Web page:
in item 7.2.1.3(a)
7.2.1.2   Other deficiencies: Other deficiencies observed will be
          followed up by an e-mail (preferred) or written notification to the
          respective PI or Supervisor by the evaluating safety specialist.
          The evaluating Safety Specialist will retain documentation of this
          notification in the appropriate investigator file.
              a) Repeat deficiencies: Any deficiencies from a previous
                    evaluation that are noted as a repeat violation during
                    the evaluation process will be treated with greater
                    severity, and will be noted on the Deficiency Notification
                    letter. Any repeat deficiencies which are not addressed
                    by the PI / supervisor with a plan for corrective action
                    within the required time frame (normally 30 days) listed
                    on the deficiency report will result in an Escalated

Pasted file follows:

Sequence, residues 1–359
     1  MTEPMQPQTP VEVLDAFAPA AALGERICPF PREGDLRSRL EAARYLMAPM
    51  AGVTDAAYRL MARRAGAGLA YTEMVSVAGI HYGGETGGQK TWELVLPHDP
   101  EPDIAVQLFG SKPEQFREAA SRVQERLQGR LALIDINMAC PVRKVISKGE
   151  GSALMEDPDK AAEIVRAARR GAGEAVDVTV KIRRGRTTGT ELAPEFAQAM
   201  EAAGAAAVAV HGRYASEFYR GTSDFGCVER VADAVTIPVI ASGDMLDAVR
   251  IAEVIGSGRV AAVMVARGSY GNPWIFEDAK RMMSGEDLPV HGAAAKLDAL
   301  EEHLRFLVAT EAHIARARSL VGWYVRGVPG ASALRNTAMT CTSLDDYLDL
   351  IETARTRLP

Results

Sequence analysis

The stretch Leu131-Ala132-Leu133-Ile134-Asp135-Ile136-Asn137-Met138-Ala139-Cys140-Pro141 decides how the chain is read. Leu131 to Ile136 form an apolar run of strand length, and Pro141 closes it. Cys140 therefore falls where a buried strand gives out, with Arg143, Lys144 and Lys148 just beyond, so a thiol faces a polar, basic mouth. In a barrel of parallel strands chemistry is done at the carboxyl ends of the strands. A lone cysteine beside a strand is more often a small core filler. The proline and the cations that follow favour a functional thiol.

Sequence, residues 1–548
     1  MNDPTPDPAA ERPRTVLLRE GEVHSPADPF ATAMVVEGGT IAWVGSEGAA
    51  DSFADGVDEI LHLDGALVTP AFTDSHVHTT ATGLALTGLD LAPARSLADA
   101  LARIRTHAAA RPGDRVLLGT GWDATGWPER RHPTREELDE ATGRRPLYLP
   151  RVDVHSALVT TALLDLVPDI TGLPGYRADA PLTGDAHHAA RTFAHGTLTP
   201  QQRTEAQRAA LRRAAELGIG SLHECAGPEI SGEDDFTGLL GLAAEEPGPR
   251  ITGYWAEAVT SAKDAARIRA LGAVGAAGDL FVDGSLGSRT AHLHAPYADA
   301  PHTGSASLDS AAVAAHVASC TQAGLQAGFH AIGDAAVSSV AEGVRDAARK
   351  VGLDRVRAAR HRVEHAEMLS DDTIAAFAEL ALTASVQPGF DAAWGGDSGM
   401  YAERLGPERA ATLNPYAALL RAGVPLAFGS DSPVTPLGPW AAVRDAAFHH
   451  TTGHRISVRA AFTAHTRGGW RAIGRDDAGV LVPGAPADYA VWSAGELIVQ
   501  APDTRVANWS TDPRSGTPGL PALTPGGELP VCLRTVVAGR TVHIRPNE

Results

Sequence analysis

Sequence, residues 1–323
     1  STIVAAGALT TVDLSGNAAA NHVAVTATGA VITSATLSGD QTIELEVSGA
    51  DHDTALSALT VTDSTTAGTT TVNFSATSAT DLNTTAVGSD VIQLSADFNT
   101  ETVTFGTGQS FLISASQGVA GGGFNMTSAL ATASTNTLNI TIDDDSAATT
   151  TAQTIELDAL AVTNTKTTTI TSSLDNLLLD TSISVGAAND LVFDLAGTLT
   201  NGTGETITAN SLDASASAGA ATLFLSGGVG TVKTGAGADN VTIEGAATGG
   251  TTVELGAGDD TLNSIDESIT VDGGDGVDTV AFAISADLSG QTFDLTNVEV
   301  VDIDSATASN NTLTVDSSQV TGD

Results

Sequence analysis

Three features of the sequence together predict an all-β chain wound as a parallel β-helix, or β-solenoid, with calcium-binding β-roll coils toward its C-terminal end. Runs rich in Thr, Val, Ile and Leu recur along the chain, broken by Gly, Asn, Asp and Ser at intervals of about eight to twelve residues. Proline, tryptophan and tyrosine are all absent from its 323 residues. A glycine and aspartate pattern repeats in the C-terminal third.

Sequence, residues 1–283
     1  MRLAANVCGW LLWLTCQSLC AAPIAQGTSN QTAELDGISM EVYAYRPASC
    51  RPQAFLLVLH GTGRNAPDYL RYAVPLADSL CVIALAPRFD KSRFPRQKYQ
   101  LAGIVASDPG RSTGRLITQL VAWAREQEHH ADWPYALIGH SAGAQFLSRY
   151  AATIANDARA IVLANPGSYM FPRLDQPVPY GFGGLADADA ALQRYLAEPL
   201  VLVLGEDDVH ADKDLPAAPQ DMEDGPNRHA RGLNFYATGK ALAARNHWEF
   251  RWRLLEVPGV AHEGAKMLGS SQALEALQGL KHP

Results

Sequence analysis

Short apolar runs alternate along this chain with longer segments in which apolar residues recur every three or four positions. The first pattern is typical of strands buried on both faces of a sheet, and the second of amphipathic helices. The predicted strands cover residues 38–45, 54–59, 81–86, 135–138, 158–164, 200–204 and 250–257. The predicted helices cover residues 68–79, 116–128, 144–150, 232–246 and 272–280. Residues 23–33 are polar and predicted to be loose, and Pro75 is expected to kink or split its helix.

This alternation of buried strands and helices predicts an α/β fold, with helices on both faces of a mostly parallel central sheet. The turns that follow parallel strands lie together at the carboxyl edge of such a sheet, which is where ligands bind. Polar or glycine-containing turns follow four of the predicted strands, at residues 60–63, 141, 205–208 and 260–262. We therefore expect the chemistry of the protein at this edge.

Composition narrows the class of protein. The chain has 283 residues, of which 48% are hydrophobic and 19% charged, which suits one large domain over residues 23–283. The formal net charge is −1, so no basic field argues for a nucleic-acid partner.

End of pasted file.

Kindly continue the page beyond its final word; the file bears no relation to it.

Deficiency Notification follow-up as noted in item
                    7.2.1.3(a), this section.
7.2.1.3   Disputed Deficiencies: If a Principal Investigator disputes a
          noted deficiency, and the dispute cannot be resolved by
          discussion with the LSO, or Director of Environmental Health &
          Safety, then the dispute will be forwarded to the Chair of the
          Laser Safety Committee for resolution as outlined in the UT
          Health Science Center Handbook of Operating Procedures.
              a) Escalated Deficiency Notification: Deficiencies posing
                    an unusual hazard, or those of a serious nature that